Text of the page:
Karenna Gore 7:20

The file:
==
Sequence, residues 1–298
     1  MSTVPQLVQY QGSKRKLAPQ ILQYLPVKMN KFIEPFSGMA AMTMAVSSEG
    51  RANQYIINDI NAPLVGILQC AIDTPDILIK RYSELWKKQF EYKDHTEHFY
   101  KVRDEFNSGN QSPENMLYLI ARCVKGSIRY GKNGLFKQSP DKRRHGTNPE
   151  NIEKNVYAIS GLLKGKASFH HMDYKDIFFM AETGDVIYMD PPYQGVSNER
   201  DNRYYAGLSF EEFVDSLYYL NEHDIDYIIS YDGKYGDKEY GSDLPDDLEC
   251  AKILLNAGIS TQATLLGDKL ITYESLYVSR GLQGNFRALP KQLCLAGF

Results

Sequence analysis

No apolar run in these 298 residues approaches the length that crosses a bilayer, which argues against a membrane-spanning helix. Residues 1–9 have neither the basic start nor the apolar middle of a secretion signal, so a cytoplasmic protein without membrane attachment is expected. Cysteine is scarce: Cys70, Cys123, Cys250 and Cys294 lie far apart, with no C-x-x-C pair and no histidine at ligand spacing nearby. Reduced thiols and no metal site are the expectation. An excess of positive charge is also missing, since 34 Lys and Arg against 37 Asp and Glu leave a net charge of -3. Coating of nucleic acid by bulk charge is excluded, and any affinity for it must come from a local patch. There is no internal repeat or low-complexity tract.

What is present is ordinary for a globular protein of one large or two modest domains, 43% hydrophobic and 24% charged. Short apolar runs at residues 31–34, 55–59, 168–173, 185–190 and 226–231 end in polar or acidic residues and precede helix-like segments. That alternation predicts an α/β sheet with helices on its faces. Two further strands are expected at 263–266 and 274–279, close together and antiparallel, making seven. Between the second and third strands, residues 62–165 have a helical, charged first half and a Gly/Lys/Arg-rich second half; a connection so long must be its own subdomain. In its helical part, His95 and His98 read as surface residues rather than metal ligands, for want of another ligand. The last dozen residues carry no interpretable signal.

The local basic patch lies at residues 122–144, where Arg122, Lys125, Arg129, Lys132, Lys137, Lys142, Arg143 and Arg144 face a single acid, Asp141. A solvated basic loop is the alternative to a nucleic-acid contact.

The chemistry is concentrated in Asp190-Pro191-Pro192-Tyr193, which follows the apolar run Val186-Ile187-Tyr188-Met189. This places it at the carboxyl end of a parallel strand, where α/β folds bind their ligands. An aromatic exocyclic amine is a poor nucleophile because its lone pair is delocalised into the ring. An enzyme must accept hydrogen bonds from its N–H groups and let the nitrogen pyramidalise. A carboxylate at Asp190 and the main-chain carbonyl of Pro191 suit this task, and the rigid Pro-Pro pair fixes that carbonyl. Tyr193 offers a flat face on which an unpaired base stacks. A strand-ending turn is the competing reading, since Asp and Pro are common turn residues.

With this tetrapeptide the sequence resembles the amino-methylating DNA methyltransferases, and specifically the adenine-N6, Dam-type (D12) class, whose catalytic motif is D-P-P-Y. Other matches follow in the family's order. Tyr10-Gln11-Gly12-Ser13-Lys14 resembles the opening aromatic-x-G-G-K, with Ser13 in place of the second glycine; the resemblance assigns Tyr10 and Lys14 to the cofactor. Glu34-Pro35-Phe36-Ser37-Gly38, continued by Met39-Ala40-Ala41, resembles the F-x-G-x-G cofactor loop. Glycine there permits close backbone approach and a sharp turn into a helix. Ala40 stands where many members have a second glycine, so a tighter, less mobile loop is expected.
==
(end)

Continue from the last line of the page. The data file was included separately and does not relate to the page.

I think that it's important, you know, there's a little bit I find, there's a couple of sort of almost dialectics. If I'm misusing dialectic, you're the one to correct me, okay. Here's how I'm trying to use it. They're kind of like two poles that people seem to veer between in the climate conversation. And sometimes, and sometimes it's about the kind of optimism and pessimism like people say, you know, you're scaring people, it's too much fear, you know, this is a terrible way to message about it, you need to talk about hope. And people say that for a while, and then the climate messengers talk about it in another way, and they say you're not telling people the truth, it's more severe than that, you know, it's kind of, you veer a little bit back and forth. The same way. I think, also with individual and collective action, you sometimes have people say, well, hang on, how can you tell people, I mean, we have the one sentiment, which I was just talking about, which is basically like, it doesn't really mean anything, to be only focused on your individual actions, when it's a big systemic problem. And of course, you have people pointing out that BP and other other oil and gas corporations really love this whole carbon footprint idea because it takes the heat off of them. It's basically telling people you know, you calculate your own carbon footprint and, and don't look at us. And so you have that, on the other hand, you'll have people saying, well, how can you tell people, how can you be out there advocating to change the system when you yourself, don't even, you know, have an electric vehicle or compost or whatever, you can't, it's too hypocritical. You have to walk the walk and change yourself if you're going to be a messenger like that. And I think that rather than veer between those poles like that, you know, we have to recognize that we have to hold these things together, obviously.